Tell the SAFMC NO to catch shares today!

I wanted you to know that the first step toward full privatization of our snapper-grouper fishery is underway.

Last week, South Atlantic Fishery Management Council Vice-Chair Charlie Phillips and SAFMC member Chris Conklin filed their Exempted Fishing Permit application for a pilot commercial snapper-grouper catch share program.

Click here for the application, which only became public on Friday. Note that the phrase “catch shares” is not used in the application as to purpose – instead code-speak for catch shares like “allocation-based system” and “individual transferable quota” is used.

As promised, this EFP gives Phillips, Conklin and former SAFMC member Jack Cox, all commercial snapper-grouper fleet owners and dealers, exclusive snapper-grouper shares and would exempt them from any trip limits and seasonal or quota closures.

EFPs are usually for research purposes and are approved by just one person -- NOAA Fisheries Regional Administrator Dr. Roy Crabtree, who is seeking the advice of the SAFMC at their March meeting in Jekyll Island, GA as to whether the EFP application should move forward or not.

Unless the SAFMC takes a strong stand against the EFP, I believe there is a very good chance Dr. Crabtree will ultimately approve the pilot catch share program. Once in place, count on efforts to impose catch shares on all fishermen.

This back-door “pilot” catch share scheme is exactly what the radical Environmental Defense Fund has used as a tactic in the Gulf of Mexico, where, according to a recent WVUE-TV investigative report “50 businesses and fishermen control 81 percent” of the commercial red snapper catch shares, worth $23 million a year, making these ‘snapper barons’ millionaires.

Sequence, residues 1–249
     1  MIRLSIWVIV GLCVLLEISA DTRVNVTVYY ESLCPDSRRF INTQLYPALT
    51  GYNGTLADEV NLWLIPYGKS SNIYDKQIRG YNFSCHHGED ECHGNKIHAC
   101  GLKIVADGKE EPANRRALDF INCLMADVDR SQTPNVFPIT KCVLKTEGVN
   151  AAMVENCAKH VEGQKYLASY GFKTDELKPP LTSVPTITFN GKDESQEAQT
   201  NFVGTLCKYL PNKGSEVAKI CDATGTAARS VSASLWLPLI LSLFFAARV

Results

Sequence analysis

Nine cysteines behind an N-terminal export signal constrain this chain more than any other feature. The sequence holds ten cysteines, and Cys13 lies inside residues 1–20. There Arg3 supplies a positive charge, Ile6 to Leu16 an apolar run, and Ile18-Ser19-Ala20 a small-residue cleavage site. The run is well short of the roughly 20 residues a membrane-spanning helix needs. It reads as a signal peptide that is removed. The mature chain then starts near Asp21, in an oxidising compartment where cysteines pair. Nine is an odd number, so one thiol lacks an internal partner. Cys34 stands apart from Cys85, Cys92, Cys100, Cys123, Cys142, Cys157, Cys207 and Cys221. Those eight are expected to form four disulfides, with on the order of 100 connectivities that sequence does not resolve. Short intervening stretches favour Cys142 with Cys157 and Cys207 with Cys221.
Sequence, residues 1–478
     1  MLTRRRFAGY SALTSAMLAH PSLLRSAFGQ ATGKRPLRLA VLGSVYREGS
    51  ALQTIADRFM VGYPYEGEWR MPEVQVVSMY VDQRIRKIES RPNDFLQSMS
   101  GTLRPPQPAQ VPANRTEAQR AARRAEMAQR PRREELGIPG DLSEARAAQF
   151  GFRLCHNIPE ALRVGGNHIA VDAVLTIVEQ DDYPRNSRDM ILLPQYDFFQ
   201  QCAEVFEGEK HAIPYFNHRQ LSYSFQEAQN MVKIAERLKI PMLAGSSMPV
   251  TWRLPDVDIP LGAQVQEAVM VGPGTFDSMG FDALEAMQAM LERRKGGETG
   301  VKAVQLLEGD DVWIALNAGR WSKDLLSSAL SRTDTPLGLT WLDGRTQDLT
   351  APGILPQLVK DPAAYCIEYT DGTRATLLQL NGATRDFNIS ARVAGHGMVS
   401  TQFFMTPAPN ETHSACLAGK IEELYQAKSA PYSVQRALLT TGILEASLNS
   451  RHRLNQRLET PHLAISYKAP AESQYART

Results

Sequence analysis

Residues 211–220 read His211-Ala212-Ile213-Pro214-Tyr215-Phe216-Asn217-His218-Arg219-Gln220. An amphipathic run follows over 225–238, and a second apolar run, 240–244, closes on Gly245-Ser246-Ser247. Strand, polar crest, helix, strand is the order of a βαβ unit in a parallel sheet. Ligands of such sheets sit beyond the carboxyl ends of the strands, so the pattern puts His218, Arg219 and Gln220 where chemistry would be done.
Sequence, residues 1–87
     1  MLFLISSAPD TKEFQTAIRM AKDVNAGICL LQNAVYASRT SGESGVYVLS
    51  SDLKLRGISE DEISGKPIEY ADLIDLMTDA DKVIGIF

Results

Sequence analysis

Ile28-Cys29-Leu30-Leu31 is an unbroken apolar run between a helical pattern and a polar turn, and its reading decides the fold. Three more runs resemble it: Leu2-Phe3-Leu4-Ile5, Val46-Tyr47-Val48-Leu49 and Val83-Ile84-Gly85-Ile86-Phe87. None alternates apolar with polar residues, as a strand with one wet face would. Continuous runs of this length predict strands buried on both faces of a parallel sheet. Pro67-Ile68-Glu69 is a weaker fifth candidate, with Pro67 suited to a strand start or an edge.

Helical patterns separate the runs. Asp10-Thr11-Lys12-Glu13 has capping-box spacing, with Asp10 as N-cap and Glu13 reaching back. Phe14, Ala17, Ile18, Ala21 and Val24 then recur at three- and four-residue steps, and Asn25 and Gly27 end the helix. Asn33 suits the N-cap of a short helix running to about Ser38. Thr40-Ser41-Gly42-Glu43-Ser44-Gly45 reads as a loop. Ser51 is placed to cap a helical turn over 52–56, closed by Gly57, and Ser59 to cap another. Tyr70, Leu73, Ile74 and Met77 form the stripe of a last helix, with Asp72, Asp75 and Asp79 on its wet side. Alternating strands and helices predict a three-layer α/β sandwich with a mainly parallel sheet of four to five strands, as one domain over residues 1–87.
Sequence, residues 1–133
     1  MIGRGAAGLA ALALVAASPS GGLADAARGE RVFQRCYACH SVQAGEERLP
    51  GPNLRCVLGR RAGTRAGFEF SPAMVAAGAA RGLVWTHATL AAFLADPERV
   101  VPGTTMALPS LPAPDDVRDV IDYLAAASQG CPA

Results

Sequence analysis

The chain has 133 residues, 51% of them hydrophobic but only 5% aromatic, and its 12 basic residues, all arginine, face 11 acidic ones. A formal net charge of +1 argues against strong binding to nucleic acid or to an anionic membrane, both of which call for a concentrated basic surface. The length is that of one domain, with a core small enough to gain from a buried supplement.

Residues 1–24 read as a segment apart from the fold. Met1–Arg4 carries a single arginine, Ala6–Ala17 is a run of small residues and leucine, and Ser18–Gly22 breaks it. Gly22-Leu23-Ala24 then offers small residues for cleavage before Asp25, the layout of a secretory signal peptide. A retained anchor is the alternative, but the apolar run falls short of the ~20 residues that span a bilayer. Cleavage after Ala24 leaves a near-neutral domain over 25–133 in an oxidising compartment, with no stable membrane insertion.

Guess who’s pushing this back-door effort along with these SAFMC ringleaders? According to the Charleston, SC Post & Courier, it’s EDF front group Seafood Harvesters of America, which according to tax documents has been funded with over $300,000 from EDF.

The Seafood Harvesters represent some of the biggest catch share owners in the nation. Board members include Jack Cox and Buddy Guindon (Big Fish Texas) who, according to media reports, is the third largest owner of Gulf red snapper shares, worth $1.4 million annually.

This isn’t about research -- it’s about picking the economic winners and losers in the snapper-grouper fishery by reducing the number of fishermen -- that’s what catch shares do. They hurt fishermen and fishing communities by killing jobs.

And if you have a for-hire snapper-grouper permit, this could ultimately affect that permit, too. The SAFMC also has on its meeting agenda for-hire limited entry, which is a beginning step toward for-hire catch shares. In other areas of the country, after commercial catch shares were imposed, for-hire catch shares shortly followed.

And this is not about fishery sustainability. Studies by the Lenfest Ocean Program and reports by Food and Water Watch and others have shown that catch share programs provide no biological benefit or enhanced sustainability to fisheries at all.

Time is very short -- speak out today to save jobs and fishing communities! Here’s how:

  1. Click here to access the SAFMC online comment form and tell them you’re opposed to the pilot catch share program permit and any form of catch shares. These “on the record” comments are crucial. Please make comments no later than March 8th.
  2. Speak out against the permit at the SAFMC public hearing on Wednesday, March 8th at 4:30 pm at the Westin Hotel, 110 Ocean Way, Jekyll Island, GA.
  3. Contact your representatives on the SAFMC to personally let them know you oppose the permit. Click here for contact information for all SAFMC members.

The only way to stop this catch share effort is for fishermen, like you, to step up and be heard by the SAFMC. I urge you to let the SAFMC know today that you oppose this back-door catch share effort before it’s too late.

Thank you in advance for your efforts!

Wayne Mershon
President
Council for Sustainable Fishing

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